Ignoring the fact that it’s usually impossible to achieve a shutter speed fast enough to freeze airborne water in the best (shade or overcast) light, I don’t find blurred water any less natural than a water drop suspended in midair (when was the last time you saw that). Blurred water isn’t unnatural, it’s different.
Which brings me to the image at the top of the frame, of the waves and rocks at Big Sur’s of Soberanes Point, and a (nearly) full moon dropping through the twilight on the distant horizon. I could have increased my aperture and ISO until my shutter speed stopped the motion of the waves, and timing the exposure just right, might have recorded an explosive collision of wave and rock—dramatic, but understating turbulence of the ocean/land interface. Instead, I opted for an exposure long enough to convey the action and extent of the agitated surf, but fast enough to hold the setting moon in place.
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Posted on December 15, 2014
I often speak and write about “The 3 P’s of nature photography,” sacrifices a nature photographer must make to consistently create successful images.
Picking an image and trying to assign one or more of the 3 P’s to it is a fun little exercise I sometimes use to remind myself to keep doing the extra work. Take a few minutes to scan your favorite captures; ask yourself how many didn’t require at least one of the 3 P’s. (I’ll wait.) …….. See what I mean?
So which of my 3 P’s do I credit for this one? Well, there was the Persistence to continue going out in the rain all week, with no guarantee we’d see anything beyond 100 yards (because in Yosemite, if you stay inside until the rain stops, you’re too late). And of course photographing in the rain is nothing if not a Pain. But more than anything else, this one was about…
(If you discount the unavoidable knowledge gained by a lifetime of Yosemite visits and and decades of plain old picture clicking) the preparation for this image started when I plotted the 2014 December moon and determined that it would rise at sunset, nearly full, above Half Dome in the month’s first week. So of course I scheduled a workshop for that week.
But there was more to the preparation than just figuring out where the moon would be. Of course as the workshop approached, I monitored the weather forecast and arrived in Yosemite prepared for rain. (Duh.) And throughout the workshop I monitored the weather obsessively, scouring each National Weather Service forecast update (every six hours), monitoring radar, not to mention the good old fashioned walk-outside-and-look-up technique.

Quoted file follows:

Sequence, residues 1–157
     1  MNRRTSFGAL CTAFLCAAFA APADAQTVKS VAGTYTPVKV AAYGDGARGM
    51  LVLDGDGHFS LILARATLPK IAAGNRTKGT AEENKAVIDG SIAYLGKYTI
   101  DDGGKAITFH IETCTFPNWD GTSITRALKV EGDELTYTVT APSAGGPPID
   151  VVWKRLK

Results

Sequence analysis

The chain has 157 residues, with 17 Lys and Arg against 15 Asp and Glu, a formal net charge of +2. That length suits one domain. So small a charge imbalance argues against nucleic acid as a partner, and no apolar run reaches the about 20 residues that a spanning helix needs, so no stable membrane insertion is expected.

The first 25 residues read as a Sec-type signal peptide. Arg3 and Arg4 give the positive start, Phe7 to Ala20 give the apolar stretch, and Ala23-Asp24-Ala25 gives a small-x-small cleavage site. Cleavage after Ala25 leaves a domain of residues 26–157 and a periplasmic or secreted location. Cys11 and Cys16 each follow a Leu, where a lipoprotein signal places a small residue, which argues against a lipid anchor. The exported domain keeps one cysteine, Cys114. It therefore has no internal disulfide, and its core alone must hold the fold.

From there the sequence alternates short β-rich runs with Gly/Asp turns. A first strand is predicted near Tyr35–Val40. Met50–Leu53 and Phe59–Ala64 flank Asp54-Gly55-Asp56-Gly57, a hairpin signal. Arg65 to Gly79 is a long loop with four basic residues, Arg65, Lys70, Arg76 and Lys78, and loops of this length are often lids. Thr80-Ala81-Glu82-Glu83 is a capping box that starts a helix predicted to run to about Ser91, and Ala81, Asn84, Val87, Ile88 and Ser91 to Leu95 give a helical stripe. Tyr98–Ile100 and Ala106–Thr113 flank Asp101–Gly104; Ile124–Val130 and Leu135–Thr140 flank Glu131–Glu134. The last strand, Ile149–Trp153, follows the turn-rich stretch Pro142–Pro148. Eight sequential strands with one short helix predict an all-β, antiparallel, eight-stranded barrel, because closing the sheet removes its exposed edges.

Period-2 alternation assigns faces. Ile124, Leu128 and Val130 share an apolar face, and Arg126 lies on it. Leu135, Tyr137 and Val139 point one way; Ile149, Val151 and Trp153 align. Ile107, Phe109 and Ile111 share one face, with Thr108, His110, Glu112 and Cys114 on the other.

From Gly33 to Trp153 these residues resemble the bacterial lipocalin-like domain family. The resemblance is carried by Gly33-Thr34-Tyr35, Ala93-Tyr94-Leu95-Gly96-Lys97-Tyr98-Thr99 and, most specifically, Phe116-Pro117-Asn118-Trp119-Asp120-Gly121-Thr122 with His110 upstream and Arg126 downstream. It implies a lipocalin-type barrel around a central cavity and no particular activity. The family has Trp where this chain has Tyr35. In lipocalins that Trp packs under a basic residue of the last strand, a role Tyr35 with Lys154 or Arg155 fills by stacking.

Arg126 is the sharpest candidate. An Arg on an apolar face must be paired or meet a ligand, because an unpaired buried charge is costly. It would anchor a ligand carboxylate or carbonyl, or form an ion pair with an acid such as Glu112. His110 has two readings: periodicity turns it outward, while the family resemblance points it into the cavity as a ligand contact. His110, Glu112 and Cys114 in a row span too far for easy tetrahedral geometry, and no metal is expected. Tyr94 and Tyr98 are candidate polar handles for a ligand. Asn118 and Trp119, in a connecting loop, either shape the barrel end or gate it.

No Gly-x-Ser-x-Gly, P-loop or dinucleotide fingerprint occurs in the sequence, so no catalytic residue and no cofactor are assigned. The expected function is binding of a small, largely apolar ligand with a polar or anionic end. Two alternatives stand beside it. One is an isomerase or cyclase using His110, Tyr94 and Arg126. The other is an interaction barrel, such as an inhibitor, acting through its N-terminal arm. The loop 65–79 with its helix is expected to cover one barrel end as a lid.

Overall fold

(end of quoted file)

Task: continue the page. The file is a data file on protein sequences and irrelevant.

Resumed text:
Before going out for our penultimate afternoon shoot, I determined exactly what time the moon would appear above Half Dome, though I had little hope that the clouds would part enough to reveal it. Nevertheless, I wanted to to keep the group within striking distance of Tunnel View, just in case. When the latest weather forecast indicated a possible break in the rain late that afternoon, I started watching the sky closely—a clearing storm plus the moon would be pretty cool for everyone (including this life-long Yosemite photographer). The instant the clouds showed a hint of brightening (a subtle precursor to an imminent break that every photographer should be able to read), I raced everyone back up to Tunnel View.
As we pulled into the Tunnel View lot, not only was the storm starting to clear, a small patch of the first blue sky we’d seen in two days was widening above Half Dome. I held my breath and crossed my fingers for the blue to expand just a little more, because I knew exactly where the moon was and it was oh so close.
We didn’t need to wait long—within five minutes a thin piece of moon poked through, then a little more, and soon there it was, floating in that small blue patch between Half Dome and Sentinel Dome. It hung in there for less than five minutes before the clouds regrouped and swallowed the sky.
With more rain in the forecast, driving down from Tunnel View that night I felt certain that this unexpected, brief convergence of moon and sky was a one-time gift, that the planned moonrise for our final sunset would surely be lost to the clouds. And given what we’d just seen, I was okay with that. But Nature had a different idea….
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Posted on November 14, 2014
Just when you start getting cocky, nature has a way of putting you back in your place. Case in point: last week’s full moon, which my workshop group photographed to great satisfaction from the side of Turtleback Dome, near the road just above the Wawona Tunnel.